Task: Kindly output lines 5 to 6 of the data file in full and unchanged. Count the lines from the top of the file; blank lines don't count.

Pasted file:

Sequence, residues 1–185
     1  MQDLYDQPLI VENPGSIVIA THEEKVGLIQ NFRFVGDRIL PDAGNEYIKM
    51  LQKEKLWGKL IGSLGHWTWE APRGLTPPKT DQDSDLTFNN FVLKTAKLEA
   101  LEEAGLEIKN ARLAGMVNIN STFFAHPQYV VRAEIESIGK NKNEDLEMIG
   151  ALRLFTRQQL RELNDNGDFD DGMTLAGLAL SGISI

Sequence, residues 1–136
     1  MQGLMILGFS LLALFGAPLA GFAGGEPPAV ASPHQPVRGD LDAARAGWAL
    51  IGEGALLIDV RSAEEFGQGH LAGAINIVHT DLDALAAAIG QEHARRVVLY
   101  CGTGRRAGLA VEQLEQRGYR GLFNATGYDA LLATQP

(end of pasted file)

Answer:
   151  ALRLFTRQQL RELNDNGDFD DGMTLAGLAL SGISI

Sequence, residues 1–136